Airbus introduces “Detumbler” to Tackle Urgent Crisis

The new Airbus' "Detumbler" device promises to critically aid the removal of space debris, addressing the need for detumbling prior collection

On November 11, Airbus announced the development of “Detumbler”. This compact and lightweight device is set to play a crucial role in favoring the smooth removal of dead satellites. The instrument will ensure the stability of orbiting spacecraft at the end of their operational life, preventing them from tumbling uncontrollably due to the long-term effect of orbital perturbations. This, in turn, would drastically reduce the complexity of a potential subsequent active debris removal (ADR) mission.

Developed by Airbus in collaboration with the French space agency (CNES), the Detumbler is a magnetic damping device designed to be attached to satellites. It consists of a central rotor wheel and magnets that interact with the Earth’s magnetic field. During regular satellite flight, the rotor behaves like a compass, aligning with the magnetic field. However, if the satellite experiences tumbling, the rotor’s movement induces eddy currents, creating an opposing torque to mitigate and stabilize the motion.

CAD view of the "Detumbler" reference design. Credits: Airbus
CAD view of the “Detumbler” reference design. Credits: Airbus

The “Detumbler” is planned to perform an in-orbit demonstration by early 2024 on board the Exotrail’s SpaceVan mission which will include the Exo-0 nanosatellite manufactured by EnduroSat.


Impact on the Debris Industry

A successful demonstration will pave the way for the device to be integrated into future satellites, keeping them stable even in case of unexpected malfunctions. The resulting slower rotations will enhance the ease of handling debris during future removal missions.

Various approaches for the collection of debris have been proposed over the years, ranging from harpoons to space nets. In spite of this, most of the companies currently operating in the debris removal industry seem to converge to procedures involving closer approaches.

Docking using a Magnetic System

Astroscale, a Japanese on-orbit servicing company, is actively developing a debris removal service under its ELSA-M program (End-Of-Life Services by Astroscale). Building on the technological success of the ELSA-d demonstration mission launched in 2021, the servicer spacecraft is poised to advance on-orbit servicing capabilities for effective debris removal by exploiting a magnetic docking system.

ELSA-d debris docking demonstration mission
ELSA-d “Servicer” spacecraft approaches the “Client”. Credits: Astroscale

ELSA-d comprised two spacecraft: an 184kg “Servicer” and a 16kg “Client,” launched together. The “Servicer,” equipped with proximity rendezvous equipment and a magnetic docking system, demonstrated its capabilities through repeated dockings with the “Client.” These technical demos included target search, inspection, rendezvous, and docking exercises, covering scenarios involving both non-tumbling and tumbling debris.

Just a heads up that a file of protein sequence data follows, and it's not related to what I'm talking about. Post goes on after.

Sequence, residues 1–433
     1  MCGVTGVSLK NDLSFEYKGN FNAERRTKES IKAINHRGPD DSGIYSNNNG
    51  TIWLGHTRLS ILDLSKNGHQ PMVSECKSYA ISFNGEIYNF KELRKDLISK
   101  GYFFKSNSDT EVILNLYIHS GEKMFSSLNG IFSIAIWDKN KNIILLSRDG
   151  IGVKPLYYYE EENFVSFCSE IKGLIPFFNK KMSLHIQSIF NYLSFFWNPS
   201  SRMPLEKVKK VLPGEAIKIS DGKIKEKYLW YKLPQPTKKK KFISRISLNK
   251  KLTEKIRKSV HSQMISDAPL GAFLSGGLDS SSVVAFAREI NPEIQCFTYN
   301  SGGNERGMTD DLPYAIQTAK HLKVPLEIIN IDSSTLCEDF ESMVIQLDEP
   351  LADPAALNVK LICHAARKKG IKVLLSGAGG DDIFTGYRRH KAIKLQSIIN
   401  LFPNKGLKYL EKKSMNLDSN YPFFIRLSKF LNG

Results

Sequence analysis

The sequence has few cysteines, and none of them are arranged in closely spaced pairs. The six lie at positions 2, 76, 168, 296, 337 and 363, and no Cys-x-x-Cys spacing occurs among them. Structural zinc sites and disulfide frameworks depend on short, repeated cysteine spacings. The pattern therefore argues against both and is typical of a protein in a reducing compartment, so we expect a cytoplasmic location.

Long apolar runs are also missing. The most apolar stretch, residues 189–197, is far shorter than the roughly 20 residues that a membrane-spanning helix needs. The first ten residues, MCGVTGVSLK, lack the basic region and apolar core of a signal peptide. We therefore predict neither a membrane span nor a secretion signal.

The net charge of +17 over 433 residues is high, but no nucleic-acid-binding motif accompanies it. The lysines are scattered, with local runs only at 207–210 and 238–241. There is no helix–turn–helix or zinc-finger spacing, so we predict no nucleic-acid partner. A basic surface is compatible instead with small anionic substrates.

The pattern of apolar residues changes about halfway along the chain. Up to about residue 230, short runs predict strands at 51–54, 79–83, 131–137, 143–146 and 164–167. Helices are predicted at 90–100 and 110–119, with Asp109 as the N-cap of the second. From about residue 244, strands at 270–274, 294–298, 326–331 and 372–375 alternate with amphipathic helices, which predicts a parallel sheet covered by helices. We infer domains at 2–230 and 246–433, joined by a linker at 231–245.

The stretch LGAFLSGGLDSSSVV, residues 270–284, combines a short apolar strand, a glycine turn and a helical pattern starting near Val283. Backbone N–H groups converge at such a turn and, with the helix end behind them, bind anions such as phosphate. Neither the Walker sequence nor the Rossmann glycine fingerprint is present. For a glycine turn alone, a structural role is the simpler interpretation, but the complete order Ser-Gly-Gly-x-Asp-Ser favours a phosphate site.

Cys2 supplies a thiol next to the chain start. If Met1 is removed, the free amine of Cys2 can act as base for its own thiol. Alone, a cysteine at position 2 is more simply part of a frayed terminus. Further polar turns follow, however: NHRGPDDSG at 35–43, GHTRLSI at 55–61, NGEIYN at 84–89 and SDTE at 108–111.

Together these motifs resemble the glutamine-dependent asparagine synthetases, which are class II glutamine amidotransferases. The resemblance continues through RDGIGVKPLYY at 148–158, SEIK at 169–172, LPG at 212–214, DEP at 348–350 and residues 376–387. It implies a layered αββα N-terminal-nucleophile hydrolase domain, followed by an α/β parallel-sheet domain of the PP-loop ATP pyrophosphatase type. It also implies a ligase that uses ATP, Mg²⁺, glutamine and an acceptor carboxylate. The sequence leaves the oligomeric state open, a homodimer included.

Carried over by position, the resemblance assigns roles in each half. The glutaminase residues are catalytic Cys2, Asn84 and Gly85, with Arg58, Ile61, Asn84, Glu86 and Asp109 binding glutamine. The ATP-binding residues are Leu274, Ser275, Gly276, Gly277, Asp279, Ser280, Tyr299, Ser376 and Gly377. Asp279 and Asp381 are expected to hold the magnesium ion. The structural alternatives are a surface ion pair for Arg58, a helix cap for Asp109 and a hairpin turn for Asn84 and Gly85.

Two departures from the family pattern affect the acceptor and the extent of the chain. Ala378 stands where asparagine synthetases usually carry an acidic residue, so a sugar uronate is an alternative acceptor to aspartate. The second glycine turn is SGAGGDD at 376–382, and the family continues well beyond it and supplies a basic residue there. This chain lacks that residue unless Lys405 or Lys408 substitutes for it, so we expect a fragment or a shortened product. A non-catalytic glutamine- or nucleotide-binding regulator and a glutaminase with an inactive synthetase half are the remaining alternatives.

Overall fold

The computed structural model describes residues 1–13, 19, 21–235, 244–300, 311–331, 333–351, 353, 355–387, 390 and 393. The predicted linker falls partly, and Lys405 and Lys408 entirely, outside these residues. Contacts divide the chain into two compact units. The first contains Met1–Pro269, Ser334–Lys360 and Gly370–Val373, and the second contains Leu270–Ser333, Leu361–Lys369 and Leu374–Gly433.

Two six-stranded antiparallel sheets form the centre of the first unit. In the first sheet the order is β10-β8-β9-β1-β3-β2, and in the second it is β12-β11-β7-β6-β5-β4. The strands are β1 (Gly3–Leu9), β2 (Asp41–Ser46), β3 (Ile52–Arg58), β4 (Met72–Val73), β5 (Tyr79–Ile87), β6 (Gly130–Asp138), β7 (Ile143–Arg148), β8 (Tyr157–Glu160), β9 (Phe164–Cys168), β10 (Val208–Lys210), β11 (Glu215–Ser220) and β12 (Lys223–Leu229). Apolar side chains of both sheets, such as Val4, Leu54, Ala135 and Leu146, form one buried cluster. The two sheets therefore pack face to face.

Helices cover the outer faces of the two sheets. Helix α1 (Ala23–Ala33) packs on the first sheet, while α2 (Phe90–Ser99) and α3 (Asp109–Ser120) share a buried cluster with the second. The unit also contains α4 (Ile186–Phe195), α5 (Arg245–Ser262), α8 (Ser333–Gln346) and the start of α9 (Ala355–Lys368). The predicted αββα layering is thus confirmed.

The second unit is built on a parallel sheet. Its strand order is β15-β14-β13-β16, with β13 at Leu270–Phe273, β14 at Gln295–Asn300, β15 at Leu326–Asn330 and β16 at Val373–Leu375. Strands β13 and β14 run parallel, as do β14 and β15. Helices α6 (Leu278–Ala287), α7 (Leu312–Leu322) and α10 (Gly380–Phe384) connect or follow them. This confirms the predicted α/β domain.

Capture using Robotic Arms

The European Space Agency is also investigating new methods for active debris removal. In December 2019, ClearSpace SA, a Swiss startup, secured the contract for the Active Debris Removal/In-Orbit Servicing (ADRIOS) project through a tender published by the agency. The European Space Agency granted €120 million to the firm, enabling the development of the first mission designed to capture an object not originally intended for collection.

Scheduled to be launched in 2025, the mission aims to eliminate a 112kg VESPA (Vega Secondary Payload Adapter) roughly the size of a washing machine, left in orbit at 800km by a Vega flight in 2013. The “chaser” spacecraft, equipped with four robotic arms, will capture the uncooperative debris and guide it into Earth’s atmosphere for a controlled burn-up, ensuring the complete disintegration of both satellites.

Impression of ClearSpace-1 capturing the VESPA. Credits: ClearSpace SA

The significance of the mission, known as ClearSpace-1, was also commemorated by TIME magazine, by nominating it as one of the best inventions of 2023. Addressing the critical issue of increasingly congested orbits not only safeguards our space environment but also opens up a realm of untapped economic opportunities. Embracing this challenge is not just a responsibility, it is a strategic move towards a cleaner and more prosperous future.

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Daniele Agamennone

Daniele Agamennone

Space Engineering student, passionate about astronomy from an early age. My favorite hobbies? Mountain biking and photography.

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